Resilience-Based Rehabilitation Planning For Water Distribution Systems in Seismic Zones

Zeinab Farahmandfar, Clemson University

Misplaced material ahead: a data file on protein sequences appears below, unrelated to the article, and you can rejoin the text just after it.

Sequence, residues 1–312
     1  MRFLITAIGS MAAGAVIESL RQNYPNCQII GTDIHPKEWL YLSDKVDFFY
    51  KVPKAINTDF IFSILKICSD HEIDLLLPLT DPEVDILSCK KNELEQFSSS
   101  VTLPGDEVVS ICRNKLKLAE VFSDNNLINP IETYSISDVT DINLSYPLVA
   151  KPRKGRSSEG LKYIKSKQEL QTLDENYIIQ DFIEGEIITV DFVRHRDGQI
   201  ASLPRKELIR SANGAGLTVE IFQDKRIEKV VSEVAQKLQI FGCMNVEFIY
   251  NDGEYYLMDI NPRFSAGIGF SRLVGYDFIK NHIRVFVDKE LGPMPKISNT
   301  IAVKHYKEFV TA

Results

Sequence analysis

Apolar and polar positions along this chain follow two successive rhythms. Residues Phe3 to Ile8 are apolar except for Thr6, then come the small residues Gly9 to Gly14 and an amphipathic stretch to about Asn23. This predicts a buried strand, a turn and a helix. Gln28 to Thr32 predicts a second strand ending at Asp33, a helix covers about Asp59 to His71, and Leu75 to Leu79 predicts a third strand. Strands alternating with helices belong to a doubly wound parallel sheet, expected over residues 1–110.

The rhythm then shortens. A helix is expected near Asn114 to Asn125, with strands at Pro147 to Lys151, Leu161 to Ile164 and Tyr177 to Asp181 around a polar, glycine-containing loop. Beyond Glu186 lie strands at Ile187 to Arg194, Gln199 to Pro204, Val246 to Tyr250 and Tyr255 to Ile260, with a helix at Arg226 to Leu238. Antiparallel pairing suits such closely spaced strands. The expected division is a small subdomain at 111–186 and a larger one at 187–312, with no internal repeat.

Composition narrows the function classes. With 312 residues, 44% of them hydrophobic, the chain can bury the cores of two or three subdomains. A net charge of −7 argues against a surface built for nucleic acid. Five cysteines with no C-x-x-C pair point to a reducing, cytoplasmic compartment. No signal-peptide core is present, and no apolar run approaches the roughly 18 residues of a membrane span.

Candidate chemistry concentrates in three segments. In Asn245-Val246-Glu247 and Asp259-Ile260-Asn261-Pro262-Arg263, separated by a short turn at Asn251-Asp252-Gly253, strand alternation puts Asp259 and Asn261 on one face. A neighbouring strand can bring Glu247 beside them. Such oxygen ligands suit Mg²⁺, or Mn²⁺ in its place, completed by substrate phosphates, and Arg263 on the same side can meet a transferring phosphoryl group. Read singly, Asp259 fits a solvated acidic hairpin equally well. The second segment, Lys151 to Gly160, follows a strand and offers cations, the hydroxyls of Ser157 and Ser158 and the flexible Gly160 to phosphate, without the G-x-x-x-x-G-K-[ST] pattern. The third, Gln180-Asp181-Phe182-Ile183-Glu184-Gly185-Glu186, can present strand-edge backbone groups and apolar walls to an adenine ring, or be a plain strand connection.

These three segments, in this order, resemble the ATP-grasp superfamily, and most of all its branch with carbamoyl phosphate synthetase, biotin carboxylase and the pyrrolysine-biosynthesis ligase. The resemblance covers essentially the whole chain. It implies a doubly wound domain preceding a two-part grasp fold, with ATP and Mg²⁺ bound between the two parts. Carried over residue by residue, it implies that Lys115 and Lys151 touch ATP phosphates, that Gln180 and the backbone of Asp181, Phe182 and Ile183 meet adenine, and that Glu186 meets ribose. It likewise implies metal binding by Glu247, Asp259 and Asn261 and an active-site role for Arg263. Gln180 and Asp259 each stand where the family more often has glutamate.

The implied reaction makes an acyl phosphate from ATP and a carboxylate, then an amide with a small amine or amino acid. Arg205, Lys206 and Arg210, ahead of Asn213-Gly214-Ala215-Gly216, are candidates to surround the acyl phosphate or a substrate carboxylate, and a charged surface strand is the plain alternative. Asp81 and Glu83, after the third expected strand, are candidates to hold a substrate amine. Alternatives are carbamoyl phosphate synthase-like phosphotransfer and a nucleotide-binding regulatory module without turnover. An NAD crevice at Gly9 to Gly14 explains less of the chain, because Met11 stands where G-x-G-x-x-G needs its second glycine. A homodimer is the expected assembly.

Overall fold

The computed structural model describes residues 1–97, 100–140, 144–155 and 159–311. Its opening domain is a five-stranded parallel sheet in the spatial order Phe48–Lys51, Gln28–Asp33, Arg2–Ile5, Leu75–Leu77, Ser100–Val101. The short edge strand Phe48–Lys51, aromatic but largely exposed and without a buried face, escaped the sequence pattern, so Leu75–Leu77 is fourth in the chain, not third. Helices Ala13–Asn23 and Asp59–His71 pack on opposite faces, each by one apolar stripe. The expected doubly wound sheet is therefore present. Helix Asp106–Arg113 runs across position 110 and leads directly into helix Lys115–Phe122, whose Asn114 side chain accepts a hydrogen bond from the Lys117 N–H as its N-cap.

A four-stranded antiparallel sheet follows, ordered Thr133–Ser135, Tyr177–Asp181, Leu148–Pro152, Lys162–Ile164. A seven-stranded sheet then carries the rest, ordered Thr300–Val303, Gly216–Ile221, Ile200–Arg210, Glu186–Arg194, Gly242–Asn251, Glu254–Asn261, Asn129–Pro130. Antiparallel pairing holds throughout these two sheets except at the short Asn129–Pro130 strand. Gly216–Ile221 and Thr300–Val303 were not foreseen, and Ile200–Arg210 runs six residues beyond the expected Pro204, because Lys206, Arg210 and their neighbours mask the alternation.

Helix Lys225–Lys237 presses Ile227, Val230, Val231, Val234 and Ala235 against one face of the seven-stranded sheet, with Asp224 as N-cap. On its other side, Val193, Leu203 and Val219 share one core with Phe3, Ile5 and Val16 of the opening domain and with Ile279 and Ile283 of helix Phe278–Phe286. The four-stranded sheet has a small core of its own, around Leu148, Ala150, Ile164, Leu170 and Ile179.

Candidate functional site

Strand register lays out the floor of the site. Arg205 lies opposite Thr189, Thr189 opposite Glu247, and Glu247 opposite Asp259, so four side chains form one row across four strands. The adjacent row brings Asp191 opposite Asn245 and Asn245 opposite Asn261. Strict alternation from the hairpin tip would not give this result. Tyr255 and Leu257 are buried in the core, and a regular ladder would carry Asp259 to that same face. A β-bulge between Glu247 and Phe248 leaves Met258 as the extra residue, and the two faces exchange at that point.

ABSTRACT Water supply systems (WSSs) are one of the most essential infrastructures in modern societies and their disruption due to adversities such as natural and anthropogenic hazards may cause severe inconvenience to consumers. Their continuous functioning is paramount in the case of earthquakes for fighting fires that usually transpire following an earthquake. Therefore, it is important for WSSs to continue satisfying demands without major degradation after an earthquake event. This ability is often referred as resilience of WSS. On the other hand, aging and deterioration of pipelines make water infrastructure more vulnerable to external hazards such as earthquakes. Although several previous research studies assessed seismic resilience of WSSs, there are limited demonstrations made on large-scale WSSs. Furthermore, limited approaches were formulated to consider multiple hazards in an integrated manner to determine capital improvement rehabilitation actions. Consequently, this research study developed a quantitative rehabilitation planning approach that can be used by utility managers and system engineers to enhance seismic resilience of large WSSs. The proposed rehabilitation framework is capable of assessing seismic hazards and inherent systemic uncertainties in an integrated manner. This study proposed and demonstrated two novel seismic resilience metrics – topology based and flow based - and comparatively evaluated them to choose the better metric to be used in the rehabilitation planning framework. A reasonably large WSS operating in the earthquake-prone Charleston region of South Carolina is used as a test bed for demonstration purposes in this study. The comparative analysis of the two resilience metrics revealed the trade-off between the computational benefit and resilience performance benefits. The better performing resilience metric is subsequently used to determine optimal rehabilitation actions by simultaneously considering seismic hazards and deterioration-related uncertainties. Rise in water demand has also been considered as part of the rehabilitation planning keeping in mind the population growth and changing life styles. Multiple evolutionary optimization algorithms are tested to determine the best suitable option to be used in the rehabilitation planning framework. The proposed resilience metrics, developed rehabilitation framework, demonstration approach and the obtained results present the design engineer or the utility owner an insight for formulating effective rehabilitation planning schemes.